An appeals court says North Carolina Republican Lt. Gov. Dan Forest can seek monetary damages for a campaign ad run by a group backing his opponent, even though he won the race

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RALEIGH, N.C. (AP) — North Carolina Republican Lt. Gov. Dan Forest’s campaign can seek monetary damages for a television ad run by a group backing his opponent, even though he won the race, a divided state appeals court panel ruled Tuesday.

Forest’s campaign committee sought action against the political arm of the State Employees Association of North Carolina because Forest’s camp says one of the group’s 2012 commercials failed to include identifying information required by a since-repealed law.

The previous “stand by your ad” law directed the TV ad contain a spoken statement identifying the sponsor’s chief executive officer or treasurer and that person’s photograph.

Court documents show there’s evidence that neither occurred in one of the ads run in October 2012 by the Employees Political Action Committee, which backed Democratic nominee Linda Coleman. Forest won the race by 6,900 votes among over 4 million ballots cast, and defeated Coleman again in 2016. Forest is now preparing for a run for governor in 2020. Coleman is running for Congress this year.

The law said a candidate is entitled to damages equal to the “total dollar amount” spent to air the unlawful ad. Superior Court Judge Allen Barbour ruled in 2017 that the Committee to Elect Dan Forest lacked legal standing to sue because there was no evidence of actual damages against the candidate.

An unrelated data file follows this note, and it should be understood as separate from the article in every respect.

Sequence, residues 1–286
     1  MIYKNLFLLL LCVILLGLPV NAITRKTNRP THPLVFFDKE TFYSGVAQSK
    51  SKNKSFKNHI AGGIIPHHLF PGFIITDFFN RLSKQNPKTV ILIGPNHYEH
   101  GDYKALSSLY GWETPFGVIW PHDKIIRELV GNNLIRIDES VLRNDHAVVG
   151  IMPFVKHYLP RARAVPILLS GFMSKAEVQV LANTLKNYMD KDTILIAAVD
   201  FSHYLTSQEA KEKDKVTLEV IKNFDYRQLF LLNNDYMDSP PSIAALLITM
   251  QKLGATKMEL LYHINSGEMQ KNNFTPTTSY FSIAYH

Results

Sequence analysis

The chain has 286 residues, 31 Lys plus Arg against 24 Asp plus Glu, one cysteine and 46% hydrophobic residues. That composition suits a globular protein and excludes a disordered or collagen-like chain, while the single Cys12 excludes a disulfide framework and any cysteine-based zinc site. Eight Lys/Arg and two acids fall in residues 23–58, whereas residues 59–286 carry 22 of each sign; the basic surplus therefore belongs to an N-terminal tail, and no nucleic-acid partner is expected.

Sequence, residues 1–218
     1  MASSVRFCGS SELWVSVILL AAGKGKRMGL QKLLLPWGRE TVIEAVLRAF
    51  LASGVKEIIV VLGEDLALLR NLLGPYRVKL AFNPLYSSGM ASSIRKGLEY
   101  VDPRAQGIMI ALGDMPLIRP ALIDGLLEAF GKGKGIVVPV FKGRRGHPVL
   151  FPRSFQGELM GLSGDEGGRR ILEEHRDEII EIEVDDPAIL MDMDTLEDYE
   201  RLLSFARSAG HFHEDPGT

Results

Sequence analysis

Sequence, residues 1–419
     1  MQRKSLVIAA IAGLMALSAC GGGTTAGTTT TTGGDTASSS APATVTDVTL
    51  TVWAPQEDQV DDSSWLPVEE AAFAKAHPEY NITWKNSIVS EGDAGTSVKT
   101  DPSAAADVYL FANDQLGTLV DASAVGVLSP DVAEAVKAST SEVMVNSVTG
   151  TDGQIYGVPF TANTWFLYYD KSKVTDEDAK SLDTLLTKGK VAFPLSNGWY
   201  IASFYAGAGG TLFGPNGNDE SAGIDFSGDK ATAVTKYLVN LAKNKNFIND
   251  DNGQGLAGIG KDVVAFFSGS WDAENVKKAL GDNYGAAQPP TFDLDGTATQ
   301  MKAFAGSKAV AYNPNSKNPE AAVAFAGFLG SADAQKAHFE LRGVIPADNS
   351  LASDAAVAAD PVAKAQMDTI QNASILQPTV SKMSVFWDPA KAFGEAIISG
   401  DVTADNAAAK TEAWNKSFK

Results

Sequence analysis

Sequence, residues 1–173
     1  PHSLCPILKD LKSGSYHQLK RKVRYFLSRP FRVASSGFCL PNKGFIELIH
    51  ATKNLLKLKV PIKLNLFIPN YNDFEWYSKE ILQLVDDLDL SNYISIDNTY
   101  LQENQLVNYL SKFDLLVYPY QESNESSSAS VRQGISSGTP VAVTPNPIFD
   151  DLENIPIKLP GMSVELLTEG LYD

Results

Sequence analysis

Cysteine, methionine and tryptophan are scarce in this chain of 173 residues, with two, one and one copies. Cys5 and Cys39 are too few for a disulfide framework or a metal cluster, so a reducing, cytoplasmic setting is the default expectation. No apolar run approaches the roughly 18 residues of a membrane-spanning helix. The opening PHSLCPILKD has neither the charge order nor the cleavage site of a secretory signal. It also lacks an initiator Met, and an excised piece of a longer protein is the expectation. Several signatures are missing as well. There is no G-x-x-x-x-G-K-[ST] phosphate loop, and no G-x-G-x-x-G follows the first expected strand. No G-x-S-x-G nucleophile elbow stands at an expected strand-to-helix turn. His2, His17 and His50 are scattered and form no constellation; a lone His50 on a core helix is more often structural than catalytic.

In Tuesday’s split decision, a three-judge panel of the Court of Appeals reversed Barbour’s decision.

Writing the majority opinion, Judge Chris Dillon wrote Barbour ruled that Forest had no damages “apparently because he won the election.’ But the state Supreme Court has held often that someone can sue where a private right have been violated, even when the plaintiff suffered actual damages beyond the breached right, he wrote.

In the “stand by your ad” law, the General Assembly created that right expressly by including an enforcement mechanism to penalize violators, according to Dillon.

“Simply because Mr. Forest won his election does not mean that he did not suffer an injury sufficient in a constitutional sense to confer standing,” Dillon wrote in the opinion, agreed to by Judge Ann Marie Calabria. The two judges also rejected the political action committee’s argument that the ad’s disclosure requirement was an unconstitutional restriction of speech.

Chief Judge Linda McGee, writing a dissenting opinion, said she could find no injury that Forest’s committee received from violations of the ad disclosure law, let alone determine how monetary damages would redress any injury.

McGee also said strong evidence was lacking that Forest’s team notified the State Board of Elections about the potential violation within three days after the elections, as required. The majority opinion considered the evidence credible.

Ardis Watkins, a lobbyist for the State Employees Association of North Carolina, said the group was disappointed by the ruling but needs more time before deciding whether appeal to the Supreme Court. The justices must take up an appeal if requested because it was a 2-1 decision. Hal Weatherman, a spokesman for Forest’s campaign, said it was pleased with the decision but declined to comment further until the case is complete.

The Forest committee filed its complaint in Wake County court in March 2016 the week before Coleman won the Democratic nomination a second time.